Krenzien named to All-Suburban Team
Defense, desire, leadership keyed senior guard's play
One play comes to mind when thinking about Wauwatosa West senior guard Sam Krenzien and the way he plays the game.
The Trojans were battling the Falcons at Whitnall, it was late in the game and West had lost a sizable lead.
Krenzien was one of four players who scrambled for a loose ball in front of the Trojans' net. Suddenly out of the scrum Krenzien grabbed the ball, tossed it straight into the air and watched it fall through for the basket.
The foul was called on the Whitnall defender, sending Krenzien to the line, where he converted the free throw, giving the Trojans back the lead they never lost again.
Referred to as the "heart and soul" of their team by head coach Mike Landisch, Krenzien averaged 15.8 points, 5.7 rebounds and 4.5 assists per game as the Trojans finished the year with a 17-7 overall record and a 13-4 Woodland Conference Black Division mark, good enough for second place behind New Berlin Eisenhower (16-1, 22-2).
Krenzien helped the Trojans achieve their best Woodland Black Division record since 2006 in his third year as a starter for West. The senior guard made a name for himself with his all-around offensive game, while leading a stifling full-court press that gave opposing teams headaches.
"Sam gets the job done on both sides of the ball and his game is a tribute to the hard work he puts in every day at practice," Landisch said. "He is definitely a player who leads by example."
Assistant coach Chad Stelse praised Krenzien for his all-around play.
"Sam was the catalyst of our offense the last two seasons," he said. "When Sam went well, the team went well. He was valuable to our team's success at both ends of the court. Both on and off the court, Sam epitomized what we as coaches look for in a Tosa West athlete."
Krenzien knew early in the year that this team could be something special after the Trojans rallied from 15 points down with two minutes left to beat Appleton East (22-6), a team that ended its season at the state tournament in Madison.
"That gave us a sign, no matter what we're facing, we knew we could play with anyone when we did that," Krenzien said. "We knew we had to fight for 32 minutes."
Being a senior, this was a big year for Krenzien.
"It was important to me to have a good season - this being my third year on the varsity - so I took it on myself and felt confident I could get the job done," Krenzien said. "I would get in a zone. Sometimes it worked, sometimes it didn't."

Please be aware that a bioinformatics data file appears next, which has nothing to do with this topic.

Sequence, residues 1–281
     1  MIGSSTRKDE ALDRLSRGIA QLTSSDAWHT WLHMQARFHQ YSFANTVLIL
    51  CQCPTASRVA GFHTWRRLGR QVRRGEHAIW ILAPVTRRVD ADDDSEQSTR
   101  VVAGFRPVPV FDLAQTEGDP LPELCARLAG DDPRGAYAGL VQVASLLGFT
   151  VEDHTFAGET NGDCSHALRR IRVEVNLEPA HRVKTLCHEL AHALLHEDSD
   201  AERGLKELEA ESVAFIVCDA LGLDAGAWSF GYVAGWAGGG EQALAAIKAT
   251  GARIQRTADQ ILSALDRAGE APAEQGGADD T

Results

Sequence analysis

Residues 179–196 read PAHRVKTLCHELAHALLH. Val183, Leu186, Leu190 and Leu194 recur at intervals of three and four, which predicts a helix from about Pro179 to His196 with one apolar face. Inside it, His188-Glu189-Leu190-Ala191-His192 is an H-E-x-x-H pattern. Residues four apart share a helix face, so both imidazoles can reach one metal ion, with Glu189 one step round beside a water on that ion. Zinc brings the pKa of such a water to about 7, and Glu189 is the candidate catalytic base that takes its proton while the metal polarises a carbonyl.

Krenzien, his teammates and the coaching staff were shaken up in January, when Landisch told the team he had kidney cancer.
"One thing I will never forget, when coach told us (about the cancer), I remember where we were, how quiet it got. We didn't know what to do. It's a life-changing moment when something that big happens.
"We got emotional and tried to gear our feelings toward basketball, but we still had to fight through the ups and downs."
With Landisch undergoing surgery and then recovering on the sidelines, the team knew what it had to do.
"We didn't have to talk about it," Krenzien said. "We knew coach was having a hard time. He told us don't worry about him. So we gave it our all, came out and worked hard to do everything we could do to win.
"We knew that meant more to him than us getting all emotional over it. Any time we can get a win, doing it would help the situation coach was in, so winning meant a lot more. Our confidence went up. We had that to play for."
Assistant coach Ryan Bailey had plenty of good things to say about Krenzien.
"He is the most versatile player I have ever coached or played with at Wauwatosa West," Bailey said. "He is a guy who stuffs the stat sheet. Not only does he pass, rebound and score, but he gets after it on defense.
"If he was not guarding the other team's best player, he would ask to. This shows how much of a competitor he is."
Player of the Year: J.P. Tokoto, Menomonee Falls
Coach of the Year: Wauwatosa West staff
Team members and voting point totals: Tokoto (66); Nick Romanowski, Franklin (62); Will Pelkofer, Whitnall (51); Alex Diciaula, Brookfield Central (44); Chad Mathwig, New Berlin West (42.5); Mitch Sperka, New Berlin Eisenhower (41); Sam Krenzien, Wauwatosa West (38); Alec Molter, Greenfield (36); Zak Showalter, Germantown (33.5); John Johnston, Whitefish Bay (29)
High honorable mention: Myles Henry, Nicolet (25); John Laihinen, Homestead (24); C.J. Gregg, Brookfield East (19); Coy Smith, Homestead (14)
Honorable mention: Conor Cassidy, Menomonee Falls; John Cording, Menomonee Falls; Christian Griggs-Williams, Nicolet; Deion Jackson-Body, Shorewood; Jamon Jackson-Wilson, Brown Deer; Jake Lehman, Whitnall; Austin Malone-Mitchell, Shorewood; Josh Mongan, Germantown; Kierre Ogbonna, Brown Deer; Alex Olson, Brookfield Central; Jacob Pope, Muskego; Stephen Pelkofer, Whitnall; Jonathan Phillips, Menomonee Falls; Adam Rubatt, Menomonee Falls; Danny Sayles, Wauwatosa East; Jamie Schneck, Whitefish Bay; Ray Sterling, Wauwatosa West; Nick Stout, Oak Creek
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